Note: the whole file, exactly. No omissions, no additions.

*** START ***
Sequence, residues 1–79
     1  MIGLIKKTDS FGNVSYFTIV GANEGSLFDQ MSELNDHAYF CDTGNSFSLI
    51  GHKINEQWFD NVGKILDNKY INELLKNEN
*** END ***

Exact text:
Sequence, residues 1–79
     1  MIGLIKKTDS FGNVSYFTIV GANEGSLFDQ MSELNDHAYF CDTGNSFSLI
    51  GHKINEQWFD NVGKILDNKY INELLKNEN